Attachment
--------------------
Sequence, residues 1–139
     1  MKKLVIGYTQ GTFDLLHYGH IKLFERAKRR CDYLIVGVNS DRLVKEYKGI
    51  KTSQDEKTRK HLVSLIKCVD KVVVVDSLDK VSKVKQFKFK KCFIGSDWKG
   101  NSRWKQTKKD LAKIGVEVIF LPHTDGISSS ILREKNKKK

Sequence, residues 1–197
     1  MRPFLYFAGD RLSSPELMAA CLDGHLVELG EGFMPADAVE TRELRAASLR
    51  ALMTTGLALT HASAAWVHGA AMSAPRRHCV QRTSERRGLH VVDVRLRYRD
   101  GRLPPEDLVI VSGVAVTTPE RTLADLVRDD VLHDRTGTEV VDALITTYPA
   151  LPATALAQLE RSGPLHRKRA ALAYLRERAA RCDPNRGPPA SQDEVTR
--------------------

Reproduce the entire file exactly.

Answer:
Sequence, residues 1–139
     1  MKKLVIGYTQ GTFDLLHYGH IKLFERAKRR CDYLIVGVNS DRLVKEYKGI
    51  KTSQDEKTRK HLVSLIKCVD KVVVVDSLDK VSKVKQFKFK KCFIGSDWKG
   101  NSRWKQTKKD LAKIGVEVIF LPHTDGISSS ILREKNKKK

Sequence, residues 1–197
     1  MRPFLYFAGD RLSSPELMAA CLDGHLVELG EGFMPADAVE TRELRAASLR
    51  ALMTTGLALT HASAAWVHGA AMSAPRRHCV QRTSERRGLH VVDVRLRYRD
   101  GRLPPEDLVI VSGVAVTTPE RTLADLVRDD VLHDRTGTEV VDALITTYPA
   151  LPATALAQLE RSGPLHRKRA ALAYLRERAA RCDPNRGPPA SQDEVTR